Throughout my professional career, I have seen the topic of self-care come up rarely. It’s a shame, because it is not a nice-to-have; it is crucial to my well-being. Life is busy, and the workplace can be overwhelming. My desk is piling up with projects and competing deadlines. My calendar is double- (and sometimes triple-) booked. (I started this article three separate times.)

Factor in the projects piling up at home, time with your significant other and maybe kids’ extracurricular activities. How do we cope? We start skipping lunch, stop working out and start putting “pauses” on our relationships. When we stop taking care of ourselves, we start creating “blind spots” in our professional and personal lives.

It was not long ago that the topic of “self-care” was considered selfish, indulgent and wasteful. I am sure that some generations still might consider it extravagant. Most of us grew up believing that hard work and sacrifice led to bigger rewards and that the more we sacrificed, the bigger the reward. But I would argue that self-care is vital to our productivity.

While I was working on my thesis, I decided that if I reallocated all of the excess time in my day (including cutting down my shower time, limiting my sleeping time to four hours each night, and cutting out time dedicated to working out and eating), I could use that time to work on my thesis. I did not even last a week, as I already felt the pain of that unwise decision. In fact, it was exactly five days later that my co-workers started noticing I was not as sharp, and one of them told me that I “seemed groggy and out of it.” It was also on the fifth day that I fell asleep at the wheel driving home from work. Like many other people in such a fast-paced world, I took the mentality of “hard work and sacrifice will pay off” too far — without even knowing it.

It took this dangerous decision for me to recognize how fundamental self-care is. My mentality was not as sharp; it took me longer to focus, and I was not able to work as efficiently. This scenario is an example of why self-care is so essential to our work productivity and our personal lives. It helps us maintain productivity and continue to progress.

There are a number of reasons that self-care is essential:

Self-care helps you manage your stress. The impact of stress is powerful. It has real behavioral, psychological and physiological consequences, including decreased productivity, negative moods, feelings of dissatisfaction, sleep disturbances, headaches, ulcers and, in some cases, heart palpitations.

Self-care helps you maintain focus. Your mind needs breaks, and your body does, too; Meg Selig, author of “Changepower! 37 Secrets to Habit Change Success,” writes in a Psychology Today blog post that “‘movement breaks’ are essential for your physical and emotional health.” Self-care also allows you to prevent the repercussions of “decision fatigue.” Be sure to keep breaks short to help prevent procrastination, which increases stress.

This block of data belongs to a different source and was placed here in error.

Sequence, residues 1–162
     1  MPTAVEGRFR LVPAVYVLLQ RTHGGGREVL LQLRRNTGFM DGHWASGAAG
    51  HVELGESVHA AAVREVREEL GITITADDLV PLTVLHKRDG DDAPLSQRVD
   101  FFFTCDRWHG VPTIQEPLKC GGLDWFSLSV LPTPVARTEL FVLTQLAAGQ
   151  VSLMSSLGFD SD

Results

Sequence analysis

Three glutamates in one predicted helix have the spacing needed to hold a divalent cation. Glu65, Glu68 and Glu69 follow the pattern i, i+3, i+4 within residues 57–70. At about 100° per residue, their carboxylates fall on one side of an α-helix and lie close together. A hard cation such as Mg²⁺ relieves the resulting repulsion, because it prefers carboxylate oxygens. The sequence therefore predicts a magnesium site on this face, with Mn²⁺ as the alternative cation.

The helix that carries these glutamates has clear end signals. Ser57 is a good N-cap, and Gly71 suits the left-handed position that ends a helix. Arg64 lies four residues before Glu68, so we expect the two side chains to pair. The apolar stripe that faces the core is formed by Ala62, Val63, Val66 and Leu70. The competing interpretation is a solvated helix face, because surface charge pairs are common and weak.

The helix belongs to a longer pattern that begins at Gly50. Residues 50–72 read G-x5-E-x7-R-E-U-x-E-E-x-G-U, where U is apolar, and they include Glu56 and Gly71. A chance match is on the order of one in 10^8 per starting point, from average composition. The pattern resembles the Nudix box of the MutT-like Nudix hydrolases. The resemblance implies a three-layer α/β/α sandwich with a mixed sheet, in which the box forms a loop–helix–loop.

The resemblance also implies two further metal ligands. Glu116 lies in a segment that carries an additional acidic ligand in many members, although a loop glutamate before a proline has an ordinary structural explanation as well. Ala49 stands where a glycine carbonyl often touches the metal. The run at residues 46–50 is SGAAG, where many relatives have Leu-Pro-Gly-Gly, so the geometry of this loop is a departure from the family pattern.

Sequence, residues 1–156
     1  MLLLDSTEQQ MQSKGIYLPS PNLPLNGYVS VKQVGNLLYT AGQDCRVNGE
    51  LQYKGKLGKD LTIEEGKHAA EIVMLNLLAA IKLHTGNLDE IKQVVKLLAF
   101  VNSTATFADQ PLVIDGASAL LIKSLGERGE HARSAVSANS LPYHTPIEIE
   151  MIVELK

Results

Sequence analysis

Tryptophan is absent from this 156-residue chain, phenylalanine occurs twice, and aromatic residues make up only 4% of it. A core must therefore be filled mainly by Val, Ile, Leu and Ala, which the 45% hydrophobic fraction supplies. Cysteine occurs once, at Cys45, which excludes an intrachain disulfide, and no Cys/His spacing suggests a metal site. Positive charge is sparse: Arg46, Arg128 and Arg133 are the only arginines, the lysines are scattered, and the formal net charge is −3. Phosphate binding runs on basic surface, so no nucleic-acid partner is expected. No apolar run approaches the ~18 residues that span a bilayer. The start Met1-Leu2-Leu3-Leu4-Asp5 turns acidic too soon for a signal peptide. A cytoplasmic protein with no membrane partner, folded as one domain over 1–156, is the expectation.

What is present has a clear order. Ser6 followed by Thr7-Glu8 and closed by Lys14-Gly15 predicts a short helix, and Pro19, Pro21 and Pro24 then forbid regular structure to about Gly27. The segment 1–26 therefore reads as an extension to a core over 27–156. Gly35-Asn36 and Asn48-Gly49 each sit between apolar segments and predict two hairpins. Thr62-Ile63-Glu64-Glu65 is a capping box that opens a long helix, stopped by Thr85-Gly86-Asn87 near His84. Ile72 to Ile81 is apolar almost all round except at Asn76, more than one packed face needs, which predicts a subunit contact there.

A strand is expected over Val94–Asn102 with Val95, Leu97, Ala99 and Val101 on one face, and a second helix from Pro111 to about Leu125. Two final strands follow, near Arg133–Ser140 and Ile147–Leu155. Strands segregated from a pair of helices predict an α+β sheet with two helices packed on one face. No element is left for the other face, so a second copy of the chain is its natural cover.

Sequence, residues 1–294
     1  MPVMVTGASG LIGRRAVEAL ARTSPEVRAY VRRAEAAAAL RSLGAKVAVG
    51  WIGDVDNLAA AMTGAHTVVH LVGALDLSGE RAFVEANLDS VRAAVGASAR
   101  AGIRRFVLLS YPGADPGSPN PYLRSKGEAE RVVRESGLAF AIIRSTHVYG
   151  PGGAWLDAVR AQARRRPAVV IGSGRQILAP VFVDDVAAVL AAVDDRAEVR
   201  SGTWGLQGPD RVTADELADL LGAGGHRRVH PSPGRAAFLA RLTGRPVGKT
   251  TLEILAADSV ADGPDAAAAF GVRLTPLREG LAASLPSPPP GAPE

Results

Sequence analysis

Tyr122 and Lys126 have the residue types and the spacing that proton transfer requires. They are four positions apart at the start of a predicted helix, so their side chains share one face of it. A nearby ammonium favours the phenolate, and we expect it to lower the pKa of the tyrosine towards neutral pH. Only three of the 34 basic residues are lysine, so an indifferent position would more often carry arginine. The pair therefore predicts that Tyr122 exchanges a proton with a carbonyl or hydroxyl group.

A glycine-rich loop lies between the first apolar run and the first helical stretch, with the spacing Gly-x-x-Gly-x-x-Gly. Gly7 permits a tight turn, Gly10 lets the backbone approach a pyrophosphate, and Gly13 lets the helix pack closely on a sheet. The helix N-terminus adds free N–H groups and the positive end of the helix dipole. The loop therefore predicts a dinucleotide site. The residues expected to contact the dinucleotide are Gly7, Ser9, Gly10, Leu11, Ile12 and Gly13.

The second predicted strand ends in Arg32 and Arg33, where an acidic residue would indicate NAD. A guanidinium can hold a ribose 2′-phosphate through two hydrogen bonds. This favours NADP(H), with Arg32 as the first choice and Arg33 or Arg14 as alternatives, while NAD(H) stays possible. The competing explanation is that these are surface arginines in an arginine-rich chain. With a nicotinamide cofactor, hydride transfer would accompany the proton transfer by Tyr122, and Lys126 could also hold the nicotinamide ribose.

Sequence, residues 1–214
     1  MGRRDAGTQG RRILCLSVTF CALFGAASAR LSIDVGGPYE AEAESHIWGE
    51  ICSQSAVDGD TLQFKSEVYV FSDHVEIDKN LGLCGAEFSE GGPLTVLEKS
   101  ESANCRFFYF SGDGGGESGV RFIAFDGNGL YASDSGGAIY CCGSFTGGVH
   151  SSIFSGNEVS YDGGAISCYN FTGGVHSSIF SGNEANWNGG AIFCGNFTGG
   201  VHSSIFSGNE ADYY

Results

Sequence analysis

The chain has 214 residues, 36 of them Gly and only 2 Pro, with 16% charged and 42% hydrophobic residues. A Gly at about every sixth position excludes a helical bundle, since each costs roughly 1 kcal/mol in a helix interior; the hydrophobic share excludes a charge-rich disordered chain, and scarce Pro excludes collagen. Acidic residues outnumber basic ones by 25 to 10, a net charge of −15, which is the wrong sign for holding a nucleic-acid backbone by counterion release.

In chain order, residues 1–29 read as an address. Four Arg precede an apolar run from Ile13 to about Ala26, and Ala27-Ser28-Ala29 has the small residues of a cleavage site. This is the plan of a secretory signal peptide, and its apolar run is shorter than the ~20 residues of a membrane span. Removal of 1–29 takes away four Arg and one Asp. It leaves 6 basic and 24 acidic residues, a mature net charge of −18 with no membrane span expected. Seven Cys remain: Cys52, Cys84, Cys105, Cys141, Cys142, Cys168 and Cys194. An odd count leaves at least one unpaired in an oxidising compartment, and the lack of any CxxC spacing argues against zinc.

Self-care prevents you from burning out and/or giving up. When you are constantly moving and pushing yourself to your limit, you are leading yourself down a path toward burnout. While it is good to push your limits occasionally, it is not good to do so continuously. While people are often praised for their ability to multitask, it often causes anxiety, tension and stress.

Self-care helps you accomplish your day-to-day activities. Self-care is more than bubble baths or shopping sprees. It also means getting enough rest and sleep. It means taking your vitamins and eating well. It means allowing yourself to have the energy to run errands and do your laundry. It means giving yourself the opportunity to put your best foot forward.

Self-care elevates personal happiness. As Taylor Yanulevich writes in an article for Odyssey, “eating, sleeping, maintaining personal hygiene, exercise, reading, or even watching your favorite television show allows you to feel more comfortable and relaxed allowing feelings of happiness.”

There’s no right or wrong way to practice self-care. How I practice self-care is different from how my closest friend practices self-care — which is fine!

Self-care is a reminder that you love yourself enough to give yourself your basic needs. It is good personal hygiene. It is getting enough sleep. It is allowing yourself time to process what you are working on. It is allowing yourself space to disengage so that you might see intricate details that you need to see.

You would probably remind your child to stop and rest. You might also remind your best friend to stop and rest. Just in case nobody has said it to you, here is your friendly reminder to stop, take some time for yourself and to rest.

Here are a few ideas to help you practice self-care:

• Go for a walk. • Work out. • Stop and do five minutes of deep breathing. • Snuggle your pet. • Give a hug. (There are benefits to 20-second hugs!) • Take a long shower or bath. • Make a cup of coffee or tea so it feels like a treat (Yeah, use that cinnamon!) • Send an affirmation or thank you note. • Get a facial, pedicure or manicure. • Turn your phone off. (I promise, most of your messages will still be there in 30 minutes.) • Catch up with an old friend. • Listen to music that relaxes you. • Pay that extra money for your favorite diced fruit. • Journal. • Try a cooking class or a workout class because you think it’ll be fun. • Realize that it’s alright to say “no” to someone or something. • Follow five inspiring accounts on social media. • Distance yourself from haters. (If your group doesn’t make you better, you need a new tribe.) • Go to bed earlier.